June 11, 2023 - Southeast Colorado


Nick Nolte / Blog, Storm Chasing / / 0 Comments / Like this

In a post-frontal upslope regime, easterly surface flow was forecast to transport a moist boundary layer towards the foothills, especially into the Raton Mesa and Southeast Colorado. While CAPE was expected to be meager, it would be sufficient enough for supercells to form which would then move southeast into the Plains. While tornadoes were unlikely, they could not be ruled out.

SPC had placed a small 2% tornado risk in Southeast Colorado within the slight risk for the area. My morning forecast was to head to La Junta as a staging location with the expectation for storms to fire along the I-25 corridor between Colorado City and Trinidad which would then move east as isolated cells then a shift towards the southeast as the day wore on and storms possibly grew upscale.

I left Grand Island just before 6am getting an early start to the day as I began the long trek towards La Junta. I was running a little early, which I prefer, and ended up in La Junta around 18z. I was expecting storms to begin firing in the mountains soon and was looking for SPC to issue mesoscale discussion soon, which eventually came just before 19z.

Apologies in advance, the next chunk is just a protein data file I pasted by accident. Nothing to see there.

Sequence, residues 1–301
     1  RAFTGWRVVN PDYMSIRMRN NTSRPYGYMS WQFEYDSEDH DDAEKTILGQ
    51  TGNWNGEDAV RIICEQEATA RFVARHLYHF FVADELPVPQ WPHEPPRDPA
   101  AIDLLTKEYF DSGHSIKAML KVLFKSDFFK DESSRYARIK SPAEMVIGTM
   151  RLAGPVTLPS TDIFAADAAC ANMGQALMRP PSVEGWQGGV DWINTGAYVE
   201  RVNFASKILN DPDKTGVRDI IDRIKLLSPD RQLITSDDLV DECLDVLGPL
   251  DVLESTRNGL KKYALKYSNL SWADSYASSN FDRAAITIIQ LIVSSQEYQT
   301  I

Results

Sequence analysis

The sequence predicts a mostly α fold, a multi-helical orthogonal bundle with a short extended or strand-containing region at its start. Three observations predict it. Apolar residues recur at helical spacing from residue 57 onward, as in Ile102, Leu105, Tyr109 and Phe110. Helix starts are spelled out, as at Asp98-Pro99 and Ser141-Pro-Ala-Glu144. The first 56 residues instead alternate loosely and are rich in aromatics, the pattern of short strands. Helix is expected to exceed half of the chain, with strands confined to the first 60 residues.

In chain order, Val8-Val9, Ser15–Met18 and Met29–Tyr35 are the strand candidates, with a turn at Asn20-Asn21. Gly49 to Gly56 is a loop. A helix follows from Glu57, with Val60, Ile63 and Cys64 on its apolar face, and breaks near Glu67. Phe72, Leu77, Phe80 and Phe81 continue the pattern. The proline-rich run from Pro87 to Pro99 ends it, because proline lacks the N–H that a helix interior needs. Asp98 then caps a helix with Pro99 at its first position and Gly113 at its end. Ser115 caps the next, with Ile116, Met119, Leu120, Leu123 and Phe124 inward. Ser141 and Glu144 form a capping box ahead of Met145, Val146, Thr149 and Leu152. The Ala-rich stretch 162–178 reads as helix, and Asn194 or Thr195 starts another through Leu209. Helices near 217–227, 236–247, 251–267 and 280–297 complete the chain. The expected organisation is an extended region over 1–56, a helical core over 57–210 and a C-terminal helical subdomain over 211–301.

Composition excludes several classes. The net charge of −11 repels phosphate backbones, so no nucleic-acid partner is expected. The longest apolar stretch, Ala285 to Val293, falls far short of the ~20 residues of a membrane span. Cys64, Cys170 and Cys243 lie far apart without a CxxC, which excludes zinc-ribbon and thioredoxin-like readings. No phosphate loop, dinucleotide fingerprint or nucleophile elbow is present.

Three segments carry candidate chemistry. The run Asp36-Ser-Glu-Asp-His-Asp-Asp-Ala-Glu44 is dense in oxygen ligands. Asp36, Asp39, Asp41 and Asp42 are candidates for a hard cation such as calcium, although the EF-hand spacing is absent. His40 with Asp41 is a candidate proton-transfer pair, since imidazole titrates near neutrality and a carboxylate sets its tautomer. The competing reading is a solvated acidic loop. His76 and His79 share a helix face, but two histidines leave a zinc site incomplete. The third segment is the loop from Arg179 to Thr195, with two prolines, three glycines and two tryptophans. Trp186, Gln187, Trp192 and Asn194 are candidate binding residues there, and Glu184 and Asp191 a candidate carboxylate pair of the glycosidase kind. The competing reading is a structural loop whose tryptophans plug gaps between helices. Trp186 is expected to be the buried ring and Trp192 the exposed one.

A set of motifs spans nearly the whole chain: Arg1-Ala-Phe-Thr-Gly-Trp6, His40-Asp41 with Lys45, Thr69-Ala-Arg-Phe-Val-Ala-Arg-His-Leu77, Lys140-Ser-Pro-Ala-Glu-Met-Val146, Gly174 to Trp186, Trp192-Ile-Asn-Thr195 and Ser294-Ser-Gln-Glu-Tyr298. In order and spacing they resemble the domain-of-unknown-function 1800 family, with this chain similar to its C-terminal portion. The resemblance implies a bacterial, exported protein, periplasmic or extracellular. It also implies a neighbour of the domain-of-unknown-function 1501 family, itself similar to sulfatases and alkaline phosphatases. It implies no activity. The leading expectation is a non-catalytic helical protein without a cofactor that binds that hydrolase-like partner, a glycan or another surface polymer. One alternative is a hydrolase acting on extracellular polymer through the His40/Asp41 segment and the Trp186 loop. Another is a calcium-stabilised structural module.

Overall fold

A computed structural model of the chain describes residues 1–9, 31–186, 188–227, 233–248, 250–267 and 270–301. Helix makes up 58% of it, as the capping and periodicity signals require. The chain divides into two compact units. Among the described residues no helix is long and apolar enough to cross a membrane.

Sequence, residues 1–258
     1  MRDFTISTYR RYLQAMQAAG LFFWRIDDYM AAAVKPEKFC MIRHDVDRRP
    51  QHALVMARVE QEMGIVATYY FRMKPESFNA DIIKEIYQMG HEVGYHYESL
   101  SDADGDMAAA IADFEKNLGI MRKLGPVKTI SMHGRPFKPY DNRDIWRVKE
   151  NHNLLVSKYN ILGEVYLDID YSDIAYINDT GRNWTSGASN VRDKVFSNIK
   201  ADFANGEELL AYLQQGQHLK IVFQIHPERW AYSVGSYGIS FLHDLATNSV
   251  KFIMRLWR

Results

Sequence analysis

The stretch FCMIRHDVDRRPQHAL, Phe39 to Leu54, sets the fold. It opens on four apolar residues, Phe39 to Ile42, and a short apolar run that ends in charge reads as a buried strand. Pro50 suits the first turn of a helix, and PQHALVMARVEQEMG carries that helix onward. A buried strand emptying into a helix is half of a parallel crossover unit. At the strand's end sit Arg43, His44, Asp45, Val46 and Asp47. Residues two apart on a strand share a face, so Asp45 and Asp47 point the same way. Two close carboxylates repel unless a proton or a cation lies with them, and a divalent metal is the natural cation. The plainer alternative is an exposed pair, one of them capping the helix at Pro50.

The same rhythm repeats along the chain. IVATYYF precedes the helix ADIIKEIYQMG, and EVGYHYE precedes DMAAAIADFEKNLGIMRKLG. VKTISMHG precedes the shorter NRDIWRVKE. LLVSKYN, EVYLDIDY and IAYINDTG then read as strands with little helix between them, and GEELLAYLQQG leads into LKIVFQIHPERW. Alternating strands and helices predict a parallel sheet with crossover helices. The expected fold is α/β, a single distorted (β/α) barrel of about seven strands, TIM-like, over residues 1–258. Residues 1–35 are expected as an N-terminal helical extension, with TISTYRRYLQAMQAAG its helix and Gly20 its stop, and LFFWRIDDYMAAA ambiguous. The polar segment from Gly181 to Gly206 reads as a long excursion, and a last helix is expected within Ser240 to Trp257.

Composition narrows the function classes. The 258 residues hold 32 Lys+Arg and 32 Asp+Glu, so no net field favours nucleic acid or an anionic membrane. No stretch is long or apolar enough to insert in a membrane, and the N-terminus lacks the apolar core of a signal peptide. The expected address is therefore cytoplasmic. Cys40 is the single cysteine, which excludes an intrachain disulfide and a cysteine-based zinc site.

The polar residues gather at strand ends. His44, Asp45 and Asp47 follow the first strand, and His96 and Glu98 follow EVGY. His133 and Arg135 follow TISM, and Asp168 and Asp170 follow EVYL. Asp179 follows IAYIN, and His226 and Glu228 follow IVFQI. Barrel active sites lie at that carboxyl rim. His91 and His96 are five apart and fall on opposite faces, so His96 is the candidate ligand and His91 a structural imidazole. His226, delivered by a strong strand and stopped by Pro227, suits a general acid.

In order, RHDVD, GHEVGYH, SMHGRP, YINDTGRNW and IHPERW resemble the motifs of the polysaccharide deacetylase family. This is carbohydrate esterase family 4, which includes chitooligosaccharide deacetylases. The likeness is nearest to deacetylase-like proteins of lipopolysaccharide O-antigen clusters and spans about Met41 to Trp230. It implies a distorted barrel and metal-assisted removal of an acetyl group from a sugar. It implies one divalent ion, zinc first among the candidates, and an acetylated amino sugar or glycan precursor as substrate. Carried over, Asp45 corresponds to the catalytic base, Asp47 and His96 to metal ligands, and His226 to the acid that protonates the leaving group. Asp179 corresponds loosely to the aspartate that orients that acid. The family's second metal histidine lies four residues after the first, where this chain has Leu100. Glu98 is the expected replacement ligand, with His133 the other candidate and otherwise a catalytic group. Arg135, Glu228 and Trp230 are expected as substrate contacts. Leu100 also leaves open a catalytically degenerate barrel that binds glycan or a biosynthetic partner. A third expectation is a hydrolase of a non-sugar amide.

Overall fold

Didn’t look like we were going to get a red box, but that’s ok. A storm had already started to develop west of Aguilar as the MD was issued and it was already looking pretty good on satellite and radar.

Visible satellite at 19z

I began the trek down US 350 towards Aguilar to get closer to the storm and see what it was doing.

Pueblo radar at 1940z with location marked

Pretty cool landscape for the storm to roll over. As it finally began to roll of the mountains it’s general east-southeasterly drift meant we got to try and follow along with it along US 160 between Trinidad and Kim which crosses some of the most remote areas of Colorado…roads few and far between. If the storm dropped south of 160 it would be difficult to follow it given it would cross Carrizo Canyon which is typically impassible during storms.

The storm wrapped up and looked like it might do something a bit east of Trinidad, and a brief gustnado or area of wind-blown dust kicked up that gathered the attention of the chasers around.

Shortly after this the storm began to surge southeast and in retrospect I probably shoulda taken highway 389 into New Mexico to highway 456 to continue following east, but I stayed on US 160 as the storm tracked southeast of the highway.

Pueblo radar at 2141z with location marked

As the storm crossed the highway 20 miles west of Kim the wall cloud got real big and real low

After getting gas in Kim, it was now time to play catch up. The storm had drifted into the canyon, so the only option was to head east to US 287 and try to beat it to Boise City. Luckily I did manage to setup west of Boise City to watch as the storm put on a decent structure show outside town.

A pretty good chase in an area with not a great road network. I spent the night in Guymon to chase the next day.

Chase Recap

Grand Island, NE @ 11/1041ZGuymon, OK @ 12/0313Z16 hours, 32 minutes

NoneDaniel Shaw (1)

Chase Map

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